The cadets and the historical society have done a lot of work that belies that impression however; the rejuvenated depth charger shown here as a typical example.
I'd like to tell you that it's easy to get here but I jagged a trip through the local Adult Education Centre in Newcastle, out of sheer curiousity.
One day it will undoubtedly be displayed to a broader public.
When I first saw the Anzac bridge I thought I was asleep and still back home in the frigid Massachusetts... The resemblance between Anzac and the new Zakim bridge in Boston are amazing, especially from a distance. Luckily, a quick look around reminded me that thankfully I was still in good ol' Sydney.
Yes Watson's Bay is this, but also the scene of VT lunch meets.
If visiting Sydney you really must take a ferry ride past our gorgeous (& very wealthy) harbourside suburbs to Watson's Bay.
On arrivng there you can do a walk around the harbour & to the Historic Lighthouse (yet to do that with my girls). Then I'd suggest coming back to have lunch.
There are 4 options for lunch & I'm pretty sure they are all owned by Doyles the famous Restaurant name. There is a rather upmarket restaurant on your right as you get off the ferry. At the landside front of it is the least expensive option where you can buy take way fish & chips etc to enjoy either on the sand or along the parklands fronting the harbour. On the couple of occasions that I've been here we have eaten at Doyle's Palace in the Watson's Bay Hotel. Doyle's Palace is not what I'd call "Gourmet Food", but it's quite o.k. & reasonably substantial servings.Lastly there is a cafe/restaurant just to the left of the Watrson's Bay Hotel on the waterfront which is your fourth option.
Now after you've had your coffee or last beer/wine or whatever you absolutely must go for a short walk to see, "The Gap", a famous, or perhaps, infamous Sydney landmark. Yes, dear reader the scene of quite a few suicides & what police still aren't sure were suicides or murders. Now on a lovely sunny day you shouldn't be tempted to jump, but you abxolutely must take lots of photos. It is an excellent spot for taking photos back across & up the Harbour to the City. You'll see a photo I took from there in my intro above. The cliffs themselves make for good photos too.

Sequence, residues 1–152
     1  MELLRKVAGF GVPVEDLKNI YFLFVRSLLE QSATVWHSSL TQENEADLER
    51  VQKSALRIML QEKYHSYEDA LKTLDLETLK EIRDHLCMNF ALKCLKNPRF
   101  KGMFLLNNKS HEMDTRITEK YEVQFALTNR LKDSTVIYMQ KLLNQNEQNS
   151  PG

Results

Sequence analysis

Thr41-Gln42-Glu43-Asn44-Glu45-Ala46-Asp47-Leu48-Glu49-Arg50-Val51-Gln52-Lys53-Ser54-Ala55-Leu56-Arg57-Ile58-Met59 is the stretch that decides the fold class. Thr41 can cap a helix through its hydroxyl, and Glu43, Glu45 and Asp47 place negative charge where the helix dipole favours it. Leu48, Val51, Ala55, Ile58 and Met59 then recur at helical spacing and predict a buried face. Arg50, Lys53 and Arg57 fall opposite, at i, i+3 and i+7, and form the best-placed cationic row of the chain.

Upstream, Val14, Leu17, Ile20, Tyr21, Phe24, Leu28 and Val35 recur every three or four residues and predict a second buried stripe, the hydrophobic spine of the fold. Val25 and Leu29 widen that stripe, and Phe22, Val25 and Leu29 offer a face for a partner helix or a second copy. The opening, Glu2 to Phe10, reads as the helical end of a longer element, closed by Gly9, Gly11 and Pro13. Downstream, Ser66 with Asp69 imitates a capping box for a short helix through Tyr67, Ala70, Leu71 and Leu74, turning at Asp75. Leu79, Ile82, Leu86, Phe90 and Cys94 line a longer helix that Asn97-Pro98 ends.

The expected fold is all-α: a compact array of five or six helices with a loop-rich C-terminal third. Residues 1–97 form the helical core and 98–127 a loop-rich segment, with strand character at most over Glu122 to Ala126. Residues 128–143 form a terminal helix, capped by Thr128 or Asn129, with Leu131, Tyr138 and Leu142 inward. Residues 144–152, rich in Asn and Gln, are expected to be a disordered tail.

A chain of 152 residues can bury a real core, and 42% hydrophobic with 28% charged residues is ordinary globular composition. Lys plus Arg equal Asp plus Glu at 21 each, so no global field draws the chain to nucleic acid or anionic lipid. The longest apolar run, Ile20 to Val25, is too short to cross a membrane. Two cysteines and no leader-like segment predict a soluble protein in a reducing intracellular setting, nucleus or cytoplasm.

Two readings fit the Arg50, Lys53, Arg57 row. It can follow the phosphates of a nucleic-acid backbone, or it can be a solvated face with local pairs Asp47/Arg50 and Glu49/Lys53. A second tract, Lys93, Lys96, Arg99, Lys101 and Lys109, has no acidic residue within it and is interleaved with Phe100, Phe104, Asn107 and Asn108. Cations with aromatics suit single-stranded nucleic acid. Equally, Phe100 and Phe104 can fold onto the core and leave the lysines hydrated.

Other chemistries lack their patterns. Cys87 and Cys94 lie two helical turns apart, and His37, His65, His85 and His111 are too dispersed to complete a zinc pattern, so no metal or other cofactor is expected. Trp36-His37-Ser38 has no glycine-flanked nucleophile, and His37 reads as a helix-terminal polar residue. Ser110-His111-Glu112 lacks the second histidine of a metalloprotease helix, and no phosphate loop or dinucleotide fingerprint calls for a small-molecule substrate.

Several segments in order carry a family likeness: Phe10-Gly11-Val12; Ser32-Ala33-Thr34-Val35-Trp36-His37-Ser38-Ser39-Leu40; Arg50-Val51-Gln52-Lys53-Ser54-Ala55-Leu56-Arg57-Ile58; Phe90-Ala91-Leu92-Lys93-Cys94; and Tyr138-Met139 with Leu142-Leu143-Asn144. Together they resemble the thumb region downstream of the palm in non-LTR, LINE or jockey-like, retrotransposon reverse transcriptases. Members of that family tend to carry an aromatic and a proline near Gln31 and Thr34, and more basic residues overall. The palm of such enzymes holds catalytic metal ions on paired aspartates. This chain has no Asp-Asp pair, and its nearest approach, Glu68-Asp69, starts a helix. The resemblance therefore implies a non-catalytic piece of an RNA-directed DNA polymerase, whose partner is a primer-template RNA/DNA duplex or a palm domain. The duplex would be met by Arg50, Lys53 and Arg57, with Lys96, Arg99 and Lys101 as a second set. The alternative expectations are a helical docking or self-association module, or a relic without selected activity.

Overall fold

You catch the Watson's Bay ferry from Wharf Number 4 at Circular Quay. If you're wanting to have lunch & haven't a reservation you'll be lucky to get a tabel if you don't catch the 11:00 a.m. ferry or an earlier one.
All in all a gr8 spot to spend a day.
Sydney Harbour kayaks in Mosman offer kayaks for rental (1hr, 3hrs, half day, full day) or you can take part in a guided kayak tour.
Visit secluded mangrove forests and sandy beaches. See Sydney's abundant marine and bird life. Admire the wealthy Sydney-siders cruising the harbour on beautiful boats.
Stop for refreshments on beach and enjoy a swim or short walk before making your way back to Mosman.
Sydney Harbour Kayaks shop located at the base of the Spit Bridge in Mosman. Easily accessible by bus from Wynyard station
Watsons Bay is the most northern of all the eastern suburbs of Sydney. On one side of this fishing-village atmosphere of a suburb is the Pacific Ocean and the other is Sydney Harbour. Beautiful houses, great little (and hidden) beaches, nice cafe or three, a pub that is RIGHT on Sydney Harbour AND it gets the last sunshine of the day, so its beautiful to sit in the beer garden by the harbour and watch the sunset. You could spend half a day checking out Watsons Bay.